Black Lightning has a raw, more realistic approach to crime than the other superhero shows on the CW. It also embraces Black culture in a way those other shows would never touch. This first season is well-written with a strong cast, introducing several memorable characters like Tobias Whale that hopefully return next season.
The characters and the setting aren’t connected yet to the other superhero shows found on the CW, which is probably a good thing for the time being. There are rumors we might get more of a real crossover in future seasons. This is a solid first season with several great moments and a few questionable sub-plots.
The 1.78:1 presentation replicates the show’s HD broadcasts in better resolution with fewer artifacts. This 1080P Blu-ray video subtly improves upon the broadcast version with tighter colors and better shadow delineation. Black Lightning’s clean digital cinematography has sharp definition with impressive clarity. It’s a good-looking production that eschews dingy interiors for studio-shot locations and well-lit exteriors.
The thirteen episodes of season one are spread over two BD-50s. The AVC encode averages a modest figure in the teens. Some minor banding is introduced if you are intently looking for it. All in all, Black Lightning looks more impressive in HD and better lit than its fellow superhero shows Flash or Arrow. Its black levels are inky with superb shadow delineation. Close-ups have a healthy dose of high-frequency detail, revealing the razor-sharp definition and clarity.
WB has produced a fine Blu-ray set for Black Lightning with no technical issues. The A/V quality is beyond reproach for television content and immediately becomes the CW’s best-looking production on home video.
The 5.1 DTS-HD MA audio has a lively, crisp quality that works for the show’s rich musical palette, from classic Soul to modern Rap. This is clean, rich sound with tight dialogue and fairly expressive audio cues during the action sequences. Whenever Black Lightning or one of his daughters use their powers, the surround mix crackles with real intensity and thump. The occasional action scene utilizes a discrete, immersive approach with significant LFE. If you have heard the decent television mixes from producer Greg Berlanti’s prior DC superhero shows, this audio is on par with them.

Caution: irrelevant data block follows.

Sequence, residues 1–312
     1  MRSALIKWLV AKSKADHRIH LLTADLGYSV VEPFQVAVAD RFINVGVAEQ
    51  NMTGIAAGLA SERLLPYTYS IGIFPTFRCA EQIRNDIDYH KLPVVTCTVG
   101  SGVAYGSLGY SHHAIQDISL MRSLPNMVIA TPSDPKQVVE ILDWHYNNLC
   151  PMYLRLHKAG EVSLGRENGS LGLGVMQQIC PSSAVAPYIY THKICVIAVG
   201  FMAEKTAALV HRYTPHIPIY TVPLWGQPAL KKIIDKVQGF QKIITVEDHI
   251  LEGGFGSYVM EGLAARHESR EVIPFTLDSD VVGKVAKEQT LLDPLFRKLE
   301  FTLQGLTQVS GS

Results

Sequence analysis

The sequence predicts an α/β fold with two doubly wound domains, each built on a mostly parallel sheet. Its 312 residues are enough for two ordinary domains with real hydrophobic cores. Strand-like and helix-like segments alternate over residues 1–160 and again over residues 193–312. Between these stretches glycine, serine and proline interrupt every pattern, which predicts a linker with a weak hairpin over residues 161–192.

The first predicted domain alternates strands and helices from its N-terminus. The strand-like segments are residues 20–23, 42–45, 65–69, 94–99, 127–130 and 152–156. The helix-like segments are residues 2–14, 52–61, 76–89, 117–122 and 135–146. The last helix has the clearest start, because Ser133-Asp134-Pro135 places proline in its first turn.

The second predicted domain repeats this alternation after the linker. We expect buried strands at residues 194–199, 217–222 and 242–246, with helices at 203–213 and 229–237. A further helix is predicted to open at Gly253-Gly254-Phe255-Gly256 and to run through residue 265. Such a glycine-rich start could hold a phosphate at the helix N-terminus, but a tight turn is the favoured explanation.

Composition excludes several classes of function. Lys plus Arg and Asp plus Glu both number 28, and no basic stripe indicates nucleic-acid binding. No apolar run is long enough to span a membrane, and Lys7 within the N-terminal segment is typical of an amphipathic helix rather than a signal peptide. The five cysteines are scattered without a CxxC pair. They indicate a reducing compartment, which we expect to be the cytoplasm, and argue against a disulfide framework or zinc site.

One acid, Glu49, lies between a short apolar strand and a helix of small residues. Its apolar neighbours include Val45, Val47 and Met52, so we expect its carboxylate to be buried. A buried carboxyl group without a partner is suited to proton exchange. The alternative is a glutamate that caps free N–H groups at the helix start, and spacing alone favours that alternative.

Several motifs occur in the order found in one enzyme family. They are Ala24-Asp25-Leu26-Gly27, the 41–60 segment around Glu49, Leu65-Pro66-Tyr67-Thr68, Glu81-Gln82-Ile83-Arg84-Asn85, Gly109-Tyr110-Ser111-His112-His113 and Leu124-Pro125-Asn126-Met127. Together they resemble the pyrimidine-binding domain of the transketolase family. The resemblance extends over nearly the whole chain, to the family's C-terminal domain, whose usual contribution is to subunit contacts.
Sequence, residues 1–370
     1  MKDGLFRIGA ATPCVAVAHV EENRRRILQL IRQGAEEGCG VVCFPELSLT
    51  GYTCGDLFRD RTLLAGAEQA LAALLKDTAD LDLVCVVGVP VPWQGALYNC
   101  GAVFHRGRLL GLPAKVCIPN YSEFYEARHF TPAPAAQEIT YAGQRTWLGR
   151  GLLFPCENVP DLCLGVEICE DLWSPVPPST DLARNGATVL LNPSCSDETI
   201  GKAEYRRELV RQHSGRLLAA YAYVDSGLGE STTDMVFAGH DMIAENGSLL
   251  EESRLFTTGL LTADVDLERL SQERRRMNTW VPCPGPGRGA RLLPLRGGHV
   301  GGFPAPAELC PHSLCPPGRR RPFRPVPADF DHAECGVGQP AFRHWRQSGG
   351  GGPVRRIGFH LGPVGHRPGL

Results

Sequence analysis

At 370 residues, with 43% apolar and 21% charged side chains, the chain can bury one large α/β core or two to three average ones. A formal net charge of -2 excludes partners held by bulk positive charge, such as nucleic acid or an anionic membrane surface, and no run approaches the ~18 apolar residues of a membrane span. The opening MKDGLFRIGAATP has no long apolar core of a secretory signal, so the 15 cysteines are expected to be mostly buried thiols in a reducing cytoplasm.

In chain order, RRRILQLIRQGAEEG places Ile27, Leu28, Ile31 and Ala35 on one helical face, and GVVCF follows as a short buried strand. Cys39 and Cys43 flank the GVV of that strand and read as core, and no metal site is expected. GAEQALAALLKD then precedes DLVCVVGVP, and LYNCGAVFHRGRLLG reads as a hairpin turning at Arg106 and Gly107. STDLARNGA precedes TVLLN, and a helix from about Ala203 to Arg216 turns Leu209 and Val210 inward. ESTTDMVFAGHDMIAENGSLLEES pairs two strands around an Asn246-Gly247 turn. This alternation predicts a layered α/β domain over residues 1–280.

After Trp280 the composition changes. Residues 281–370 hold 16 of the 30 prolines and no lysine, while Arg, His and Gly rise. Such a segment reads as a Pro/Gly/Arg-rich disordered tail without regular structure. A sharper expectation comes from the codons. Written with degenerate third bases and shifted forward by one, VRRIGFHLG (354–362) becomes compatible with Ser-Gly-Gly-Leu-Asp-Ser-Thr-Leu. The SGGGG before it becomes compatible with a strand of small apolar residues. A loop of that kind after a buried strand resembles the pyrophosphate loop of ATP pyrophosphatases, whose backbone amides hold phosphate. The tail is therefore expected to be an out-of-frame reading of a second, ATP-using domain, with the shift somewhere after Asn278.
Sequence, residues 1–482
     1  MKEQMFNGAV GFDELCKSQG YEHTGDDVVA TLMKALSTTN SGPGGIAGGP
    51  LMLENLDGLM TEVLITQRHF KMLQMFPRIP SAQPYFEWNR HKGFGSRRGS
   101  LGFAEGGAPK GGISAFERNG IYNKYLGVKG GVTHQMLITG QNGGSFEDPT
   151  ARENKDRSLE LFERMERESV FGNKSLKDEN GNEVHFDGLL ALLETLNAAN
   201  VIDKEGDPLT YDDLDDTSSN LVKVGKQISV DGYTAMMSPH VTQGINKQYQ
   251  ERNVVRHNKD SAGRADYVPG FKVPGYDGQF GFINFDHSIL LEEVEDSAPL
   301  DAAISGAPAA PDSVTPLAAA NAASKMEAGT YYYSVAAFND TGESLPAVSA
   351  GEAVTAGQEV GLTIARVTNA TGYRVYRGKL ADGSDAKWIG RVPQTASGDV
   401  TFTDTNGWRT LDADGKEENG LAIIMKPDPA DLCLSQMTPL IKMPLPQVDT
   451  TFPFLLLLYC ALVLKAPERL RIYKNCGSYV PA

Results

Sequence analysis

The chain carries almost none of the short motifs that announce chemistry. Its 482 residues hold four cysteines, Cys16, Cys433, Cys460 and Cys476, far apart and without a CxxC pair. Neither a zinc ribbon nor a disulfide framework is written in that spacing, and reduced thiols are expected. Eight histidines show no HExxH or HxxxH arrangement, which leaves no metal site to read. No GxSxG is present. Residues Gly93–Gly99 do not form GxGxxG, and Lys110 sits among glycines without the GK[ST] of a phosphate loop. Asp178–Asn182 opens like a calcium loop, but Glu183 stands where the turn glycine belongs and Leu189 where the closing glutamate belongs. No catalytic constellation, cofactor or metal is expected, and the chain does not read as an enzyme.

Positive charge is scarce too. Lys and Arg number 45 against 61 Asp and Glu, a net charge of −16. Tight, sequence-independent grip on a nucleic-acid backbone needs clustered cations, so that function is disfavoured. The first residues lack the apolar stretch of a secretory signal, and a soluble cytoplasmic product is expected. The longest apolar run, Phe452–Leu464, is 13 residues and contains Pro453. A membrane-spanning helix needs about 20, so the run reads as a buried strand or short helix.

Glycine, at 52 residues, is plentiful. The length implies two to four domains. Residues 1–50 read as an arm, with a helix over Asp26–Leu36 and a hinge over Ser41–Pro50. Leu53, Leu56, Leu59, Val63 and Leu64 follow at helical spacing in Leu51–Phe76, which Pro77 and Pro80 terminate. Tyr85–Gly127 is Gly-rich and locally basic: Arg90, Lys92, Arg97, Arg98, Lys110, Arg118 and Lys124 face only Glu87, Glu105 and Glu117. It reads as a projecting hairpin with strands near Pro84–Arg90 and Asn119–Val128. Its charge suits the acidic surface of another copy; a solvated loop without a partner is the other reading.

The only included subs are English SDH, which display in a white font. Surprisingly, there are no secondary dubs included. You get the feeling WB doesn’t think Black Lightning has an audience beyond North America.
The days of a stacked television set with copious special features are over for Blu-ray. We should be grateful that WB continues pushing their CW superhero shows out on the format, as most studios have all but abandoned television on Blu-ray. Black Lightning receives the bare minimum sprinkling of featurettes and some deleted material. Once again the Comic-Con panel is probably the most interesting extra. It comes in a normal-sized Blu-ray with a slipcase.
This two-disc Blu-ray set does include an UltraViolet digital copy for the entire season, redeemable in HDX on sites like VUDU. Noticeably absent is a digital Movies Anywhere copy, which hasn’t expanded yet as a service beyond theatrical features.
It’s still up in the air how the Movies Anywhere studios, which includes WB, will handle digital television copies, if they service them at all. It’s basically WB left at this point still issuing digital UV copies with their television Blu-rays.
Art Imitating Life: The Pilot Episode (05:02 in HD) – This featurette has the show’s creator and primary showrunner, Salim Akil, explaining the pivotal scene in the pilot when Jefferson is pulled over by racist cops. Akil based the scene on an incident in his personal life.
A Family of Strength (07:09 in HD) – Producers Salim Akil and Pat Charles discuss Jefferson and his daughters.
Gag Reel (02:15 in HD)
Deleted Scenes (32:38 in HD) – Typically in a WB Blu-ray set this deleted material is attached in the menu to each episode. This time the deleted scenes are shown in continuous order. Like most cut material in a CW series, these are lesser filler scenes cut for time.
2017 Comic-Con Panel (17:25 in HD) – NPR’s Eric Deggans moderates this panel with the four primary cast members and producer Salim Akil. Having aired before the season was broadcast, the cast speaks in vague terms about their characters.
Come Visit Georgia PSA 1 (05:13 in HD)
Come Visit Georgia PSA 2 (06:02 in HD) – Crew members discuss why filming in Atlanta was important for Black Lightning.